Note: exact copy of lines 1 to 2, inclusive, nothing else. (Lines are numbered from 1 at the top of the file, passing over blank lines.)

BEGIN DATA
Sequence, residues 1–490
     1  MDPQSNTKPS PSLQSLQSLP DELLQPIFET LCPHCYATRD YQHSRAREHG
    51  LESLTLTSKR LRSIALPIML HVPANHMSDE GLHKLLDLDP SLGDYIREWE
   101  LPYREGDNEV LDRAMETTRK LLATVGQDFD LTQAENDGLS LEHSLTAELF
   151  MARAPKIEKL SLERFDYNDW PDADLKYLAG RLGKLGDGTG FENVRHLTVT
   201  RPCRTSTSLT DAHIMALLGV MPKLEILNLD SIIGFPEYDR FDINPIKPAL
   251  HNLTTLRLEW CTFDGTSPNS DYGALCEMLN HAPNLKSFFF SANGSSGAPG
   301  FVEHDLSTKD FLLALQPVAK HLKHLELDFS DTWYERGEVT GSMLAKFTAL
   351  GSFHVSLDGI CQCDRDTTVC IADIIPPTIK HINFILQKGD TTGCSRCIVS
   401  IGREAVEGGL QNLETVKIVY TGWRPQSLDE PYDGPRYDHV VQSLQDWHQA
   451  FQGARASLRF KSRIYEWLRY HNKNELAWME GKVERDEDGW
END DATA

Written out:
Sequence, residues 1–490
     1  MDPQSNTKPS PSLQSLQSLP DELLQPIFET LCPHCYATRD YQHSRAREHG